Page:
Achieve Sales Success Without Ever Having To Pitch

It's really easy to talk about you, your company and how good your products and services are. That's a mistake, alongside making assumptions about your prospect before the relationship even begins. Many don't bother to find out what the prospect or customer REALLY needs. Only when you truly understand what's going on in their heads, can you truly match it with your offering.

Understanding as much as possible about your client's perspective is vital in developing rapport - a vital pre-requisite for sales success. Growing a strong and positive relationship where you focus on your client's needs, problems, challenges and desires will ultimately lead to the successful matching of your products or services...and, for the best possible motives...THE WELFARE OF YOUR CLIENT.

Everybody has their own unique 'Map of the World'

Everybody is different - everybody is unique. That's as a result of the multitude of their individual influences, events, successes, disappointments, peer groups, working relationships, family relationships as they pass through life. You have your unique map - and everyone you come into contact with will have their unique map too. Family, friends, colleagues.

And of course your customers and prospects. Respect and acknowledge this - then let it work for you. No two people's paths will be the same - so why treat them the same?

Forget you - and forget your standard sales presentation! Yes you should have a 30 second pitch for quick chance meetings and parties! But from now on every sales situation you encounter needs a different approach. An approach that acknowledges that everyone is different.

Take a typical sales pitch

A sales person gets shown in to a room and is faced with one or more representatives of the potential customer. The prospect expects a pitch. The sales person expects to do a well rehearsed pitch - and off they go. Perhaps some research has been conducted beforehand. Usually I find it's not much! So the standard pitch gets rolled out and the prospects are left to pick which products and services may be of use to them from a bewildering range. The sales person speaks nonstop for the whole pitch with maybe a few questions at the end and a general discussion if it's going well.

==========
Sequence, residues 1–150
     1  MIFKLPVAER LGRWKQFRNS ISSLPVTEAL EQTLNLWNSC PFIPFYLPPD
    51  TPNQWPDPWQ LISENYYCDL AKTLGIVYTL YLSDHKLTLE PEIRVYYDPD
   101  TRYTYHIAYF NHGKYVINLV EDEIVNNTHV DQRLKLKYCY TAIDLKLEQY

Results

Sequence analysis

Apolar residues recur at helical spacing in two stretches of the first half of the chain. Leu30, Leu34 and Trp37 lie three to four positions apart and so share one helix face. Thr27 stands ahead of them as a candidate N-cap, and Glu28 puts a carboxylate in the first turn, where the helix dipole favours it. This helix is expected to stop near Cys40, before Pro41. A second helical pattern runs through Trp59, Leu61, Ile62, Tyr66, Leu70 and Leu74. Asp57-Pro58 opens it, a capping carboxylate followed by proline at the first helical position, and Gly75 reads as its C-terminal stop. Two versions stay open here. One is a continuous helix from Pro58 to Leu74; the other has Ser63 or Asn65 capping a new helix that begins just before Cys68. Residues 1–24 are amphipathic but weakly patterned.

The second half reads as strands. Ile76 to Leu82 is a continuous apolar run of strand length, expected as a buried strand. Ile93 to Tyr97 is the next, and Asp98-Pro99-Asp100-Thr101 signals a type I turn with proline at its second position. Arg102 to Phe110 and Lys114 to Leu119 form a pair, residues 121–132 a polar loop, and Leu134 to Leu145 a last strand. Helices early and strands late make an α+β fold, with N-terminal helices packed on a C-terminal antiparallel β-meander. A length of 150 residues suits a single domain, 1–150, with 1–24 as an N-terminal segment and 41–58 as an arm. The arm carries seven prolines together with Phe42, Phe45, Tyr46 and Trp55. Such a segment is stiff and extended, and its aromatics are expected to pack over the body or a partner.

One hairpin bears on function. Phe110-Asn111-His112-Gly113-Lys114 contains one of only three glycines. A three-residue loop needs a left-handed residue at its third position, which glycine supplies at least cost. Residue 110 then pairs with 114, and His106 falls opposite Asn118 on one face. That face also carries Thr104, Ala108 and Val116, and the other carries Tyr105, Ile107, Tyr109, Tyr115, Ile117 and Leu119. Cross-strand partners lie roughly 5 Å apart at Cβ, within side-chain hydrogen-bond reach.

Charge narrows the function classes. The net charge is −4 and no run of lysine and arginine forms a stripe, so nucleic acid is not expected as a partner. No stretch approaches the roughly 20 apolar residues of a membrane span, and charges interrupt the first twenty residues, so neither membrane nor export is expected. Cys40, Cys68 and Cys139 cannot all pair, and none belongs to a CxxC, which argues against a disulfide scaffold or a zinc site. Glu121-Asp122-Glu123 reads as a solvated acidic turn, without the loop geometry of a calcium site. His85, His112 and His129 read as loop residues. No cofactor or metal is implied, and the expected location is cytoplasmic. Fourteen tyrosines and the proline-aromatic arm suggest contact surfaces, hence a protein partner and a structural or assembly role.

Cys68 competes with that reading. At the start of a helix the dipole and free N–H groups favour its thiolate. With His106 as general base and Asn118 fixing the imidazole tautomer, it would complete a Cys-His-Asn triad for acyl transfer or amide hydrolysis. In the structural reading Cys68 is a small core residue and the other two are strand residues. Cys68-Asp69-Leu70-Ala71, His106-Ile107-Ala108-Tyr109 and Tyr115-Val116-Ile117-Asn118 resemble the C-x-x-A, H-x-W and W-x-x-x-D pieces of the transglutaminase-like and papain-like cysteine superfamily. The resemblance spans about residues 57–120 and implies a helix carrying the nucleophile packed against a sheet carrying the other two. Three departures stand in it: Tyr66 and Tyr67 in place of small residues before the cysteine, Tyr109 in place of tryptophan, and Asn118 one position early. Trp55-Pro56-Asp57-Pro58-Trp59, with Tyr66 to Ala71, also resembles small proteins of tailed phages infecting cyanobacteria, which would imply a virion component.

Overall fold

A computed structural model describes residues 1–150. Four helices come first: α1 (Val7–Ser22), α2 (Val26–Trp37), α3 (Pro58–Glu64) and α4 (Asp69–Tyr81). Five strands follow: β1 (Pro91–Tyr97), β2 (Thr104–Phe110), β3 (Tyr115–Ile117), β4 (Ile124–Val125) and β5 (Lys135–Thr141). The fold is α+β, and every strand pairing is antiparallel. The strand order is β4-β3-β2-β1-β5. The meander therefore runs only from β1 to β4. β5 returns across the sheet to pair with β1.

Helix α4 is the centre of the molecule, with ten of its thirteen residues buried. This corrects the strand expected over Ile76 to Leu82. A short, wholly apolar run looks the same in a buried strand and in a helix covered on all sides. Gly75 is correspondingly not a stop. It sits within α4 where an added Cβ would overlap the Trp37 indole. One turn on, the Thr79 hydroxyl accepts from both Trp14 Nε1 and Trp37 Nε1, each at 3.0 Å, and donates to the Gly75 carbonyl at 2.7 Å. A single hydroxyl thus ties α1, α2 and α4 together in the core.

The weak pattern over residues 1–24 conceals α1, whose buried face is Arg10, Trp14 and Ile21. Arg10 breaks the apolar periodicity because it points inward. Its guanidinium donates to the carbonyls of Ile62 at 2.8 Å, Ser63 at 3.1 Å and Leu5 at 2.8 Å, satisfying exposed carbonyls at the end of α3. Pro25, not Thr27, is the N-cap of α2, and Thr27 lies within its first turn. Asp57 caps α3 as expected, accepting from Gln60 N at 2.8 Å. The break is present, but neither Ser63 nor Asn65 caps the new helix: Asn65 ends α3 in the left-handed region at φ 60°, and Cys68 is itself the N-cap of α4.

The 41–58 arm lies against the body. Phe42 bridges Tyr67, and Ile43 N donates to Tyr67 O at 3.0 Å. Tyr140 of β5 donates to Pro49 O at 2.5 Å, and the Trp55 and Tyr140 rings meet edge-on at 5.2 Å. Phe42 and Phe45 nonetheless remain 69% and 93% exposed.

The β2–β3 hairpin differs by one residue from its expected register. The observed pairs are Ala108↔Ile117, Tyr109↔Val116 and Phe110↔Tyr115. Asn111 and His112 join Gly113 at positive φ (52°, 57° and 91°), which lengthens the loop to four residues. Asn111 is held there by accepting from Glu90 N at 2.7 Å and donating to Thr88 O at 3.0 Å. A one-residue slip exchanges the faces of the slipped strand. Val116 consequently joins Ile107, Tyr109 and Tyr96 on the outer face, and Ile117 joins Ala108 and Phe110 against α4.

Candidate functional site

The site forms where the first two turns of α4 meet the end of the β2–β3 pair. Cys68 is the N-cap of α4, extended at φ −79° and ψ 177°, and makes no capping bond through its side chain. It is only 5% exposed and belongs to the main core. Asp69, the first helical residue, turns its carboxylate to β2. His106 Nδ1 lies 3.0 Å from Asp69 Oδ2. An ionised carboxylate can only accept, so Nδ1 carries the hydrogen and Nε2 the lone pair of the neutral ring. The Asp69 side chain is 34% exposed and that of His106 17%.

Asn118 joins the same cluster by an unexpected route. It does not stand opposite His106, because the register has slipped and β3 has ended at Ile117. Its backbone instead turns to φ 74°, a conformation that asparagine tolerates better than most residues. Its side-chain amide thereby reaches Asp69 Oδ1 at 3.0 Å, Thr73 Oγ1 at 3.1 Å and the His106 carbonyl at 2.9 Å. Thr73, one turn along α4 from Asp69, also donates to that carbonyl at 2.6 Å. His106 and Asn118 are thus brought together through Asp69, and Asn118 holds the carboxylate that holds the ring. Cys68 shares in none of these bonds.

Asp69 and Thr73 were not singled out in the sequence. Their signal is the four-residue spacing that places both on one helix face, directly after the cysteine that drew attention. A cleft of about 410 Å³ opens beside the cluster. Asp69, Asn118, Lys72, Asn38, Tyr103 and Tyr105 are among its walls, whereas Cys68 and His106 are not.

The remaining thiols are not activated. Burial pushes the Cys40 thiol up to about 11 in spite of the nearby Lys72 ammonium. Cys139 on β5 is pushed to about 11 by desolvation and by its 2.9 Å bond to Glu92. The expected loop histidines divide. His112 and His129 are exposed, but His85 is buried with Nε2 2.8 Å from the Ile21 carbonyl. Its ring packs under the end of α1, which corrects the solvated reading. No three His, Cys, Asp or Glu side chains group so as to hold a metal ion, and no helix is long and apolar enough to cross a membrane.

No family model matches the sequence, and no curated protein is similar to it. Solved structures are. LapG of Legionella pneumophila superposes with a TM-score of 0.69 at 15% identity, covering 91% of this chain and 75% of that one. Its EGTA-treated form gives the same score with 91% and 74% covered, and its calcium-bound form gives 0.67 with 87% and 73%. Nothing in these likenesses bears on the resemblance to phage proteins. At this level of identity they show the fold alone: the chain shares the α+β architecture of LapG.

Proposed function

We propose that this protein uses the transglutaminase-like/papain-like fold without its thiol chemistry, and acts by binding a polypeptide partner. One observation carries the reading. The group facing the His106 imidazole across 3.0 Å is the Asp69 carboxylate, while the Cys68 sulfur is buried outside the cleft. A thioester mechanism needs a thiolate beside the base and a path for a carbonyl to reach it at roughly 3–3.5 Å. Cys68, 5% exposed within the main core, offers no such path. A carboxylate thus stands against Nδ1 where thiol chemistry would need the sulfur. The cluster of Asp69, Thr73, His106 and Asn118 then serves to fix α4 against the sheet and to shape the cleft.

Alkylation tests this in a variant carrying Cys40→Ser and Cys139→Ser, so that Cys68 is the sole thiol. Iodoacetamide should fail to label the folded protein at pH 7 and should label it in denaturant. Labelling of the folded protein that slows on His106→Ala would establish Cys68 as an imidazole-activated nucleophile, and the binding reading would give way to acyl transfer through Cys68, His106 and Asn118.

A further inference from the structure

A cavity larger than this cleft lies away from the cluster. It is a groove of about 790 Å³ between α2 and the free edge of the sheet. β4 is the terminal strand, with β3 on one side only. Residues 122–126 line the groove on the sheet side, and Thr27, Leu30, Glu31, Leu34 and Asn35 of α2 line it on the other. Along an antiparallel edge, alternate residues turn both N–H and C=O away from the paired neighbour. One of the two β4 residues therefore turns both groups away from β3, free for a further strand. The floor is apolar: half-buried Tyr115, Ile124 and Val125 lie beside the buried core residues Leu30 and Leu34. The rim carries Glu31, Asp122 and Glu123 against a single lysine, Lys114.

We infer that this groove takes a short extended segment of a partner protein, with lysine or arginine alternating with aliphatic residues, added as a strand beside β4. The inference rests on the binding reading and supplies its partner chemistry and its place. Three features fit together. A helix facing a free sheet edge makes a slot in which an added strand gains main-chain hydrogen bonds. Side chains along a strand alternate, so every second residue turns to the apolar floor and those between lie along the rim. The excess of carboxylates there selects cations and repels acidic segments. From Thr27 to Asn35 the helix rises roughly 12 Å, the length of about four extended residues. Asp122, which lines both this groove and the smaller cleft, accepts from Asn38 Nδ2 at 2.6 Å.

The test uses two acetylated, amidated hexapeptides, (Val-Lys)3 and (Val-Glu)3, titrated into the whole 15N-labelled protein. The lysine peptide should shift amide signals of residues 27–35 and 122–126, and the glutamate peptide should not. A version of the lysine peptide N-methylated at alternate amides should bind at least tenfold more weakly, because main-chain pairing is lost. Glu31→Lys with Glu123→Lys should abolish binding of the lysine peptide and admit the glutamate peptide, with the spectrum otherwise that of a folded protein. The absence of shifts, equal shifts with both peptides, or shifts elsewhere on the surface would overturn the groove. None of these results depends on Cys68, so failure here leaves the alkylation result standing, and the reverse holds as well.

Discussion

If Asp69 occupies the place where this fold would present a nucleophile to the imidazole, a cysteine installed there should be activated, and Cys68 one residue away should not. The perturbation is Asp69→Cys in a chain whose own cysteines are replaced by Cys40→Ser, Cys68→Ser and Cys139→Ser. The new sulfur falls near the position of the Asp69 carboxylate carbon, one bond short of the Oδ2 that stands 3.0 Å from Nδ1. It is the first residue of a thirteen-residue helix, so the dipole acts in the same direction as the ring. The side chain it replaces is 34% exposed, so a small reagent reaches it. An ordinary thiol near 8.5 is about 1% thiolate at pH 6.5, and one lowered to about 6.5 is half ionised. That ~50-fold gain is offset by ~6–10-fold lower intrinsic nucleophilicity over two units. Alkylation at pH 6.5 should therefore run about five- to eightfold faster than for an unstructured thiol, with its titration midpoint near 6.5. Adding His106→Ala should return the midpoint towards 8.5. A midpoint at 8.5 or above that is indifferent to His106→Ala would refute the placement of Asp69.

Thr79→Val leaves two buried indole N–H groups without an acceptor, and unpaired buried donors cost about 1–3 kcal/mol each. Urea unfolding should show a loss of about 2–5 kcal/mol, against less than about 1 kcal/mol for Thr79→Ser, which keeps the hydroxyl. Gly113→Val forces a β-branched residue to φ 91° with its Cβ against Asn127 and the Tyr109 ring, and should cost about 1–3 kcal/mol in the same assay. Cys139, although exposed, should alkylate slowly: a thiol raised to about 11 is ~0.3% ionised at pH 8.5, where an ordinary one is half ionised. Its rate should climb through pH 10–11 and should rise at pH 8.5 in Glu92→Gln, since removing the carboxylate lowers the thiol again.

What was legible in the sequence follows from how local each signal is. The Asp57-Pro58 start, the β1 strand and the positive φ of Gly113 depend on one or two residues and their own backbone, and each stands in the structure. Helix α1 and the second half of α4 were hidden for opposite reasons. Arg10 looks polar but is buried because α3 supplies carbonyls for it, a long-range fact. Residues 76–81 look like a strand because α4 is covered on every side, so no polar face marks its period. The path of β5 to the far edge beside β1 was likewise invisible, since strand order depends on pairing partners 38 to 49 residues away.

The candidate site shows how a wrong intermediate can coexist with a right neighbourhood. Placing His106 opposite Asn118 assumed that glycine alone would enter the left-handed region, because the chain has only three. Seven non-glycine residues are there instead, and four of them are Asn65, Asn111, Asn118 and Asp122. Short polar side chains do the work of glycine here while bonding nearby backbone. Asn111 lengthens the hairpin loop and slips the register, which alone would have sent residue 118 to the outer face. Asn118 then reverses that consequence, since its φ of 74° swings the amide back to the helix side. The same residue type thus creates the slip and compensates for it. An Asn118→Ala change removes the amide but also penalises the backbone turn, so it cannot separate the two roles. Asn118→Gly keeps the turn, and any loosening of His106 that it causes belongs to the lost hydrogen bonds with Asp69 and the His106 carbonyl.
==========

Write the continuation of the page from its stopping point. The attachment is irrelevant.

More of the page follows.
The problems with this approach is that a) the real pains of the customer are never established b) There's no genuine connection or rapport c) There's often no real feedback of whether the sales person is close to a sale or not d) everything has been delivered according to the sales person's map of the world and the map of the receiver is never elicited or acknowledged.

An alternative approach?

Walk in - and say something like "rather than talk non-stop about us and what we do - I'm very interested in you, your company and your current and future challenges. Then I'll be in a much better position to suggest whether - and how, we might help you conquer your challenges and drive you towards your business objectives. Would that be helpful?"

Assuming a yes - "thank you - so, in the area of xxxx, what would you say your current issues are". A two way exchange ensues.

The advantages being...

  1. They're talking and you're listening, that's the way it should be
  2. You're finding out gems of information about their needs which you can incorporate whenyou talk
  3. You're finding out about how they're 'programmed' for example whether they are'pain or gain' motivated, their representational systems, if internal or externally focussed. And you can tailor your language accordingly to maximise rapport.
  4. Of course you're learning exactly how you can specifically help them - and are now able to give examples of how you've helped similar companies with similar problems before.

This approach is bound to be more successful. You've connected, built genuine rapport, and identified what they need - and have something for them that's going to hit the target 100%.

The exact structure of these exchanges will of course vary according to whether you sell business to business or business to consumer. Remember that whoever is your prospect, selling is about a two way exchange and not a one way pitch.

It's all about the psychology of selling.

Leigh Ashton  |
Leigh Ashton is the author of "iSell" and a speaker, trainer and coach. She specialises in helping people incorporate psychology alongside technical selling skills leading to positive changes to their attitude, their approach and their sales results. Leigh's mantra is to leave people feeling inspired and motivated to take action!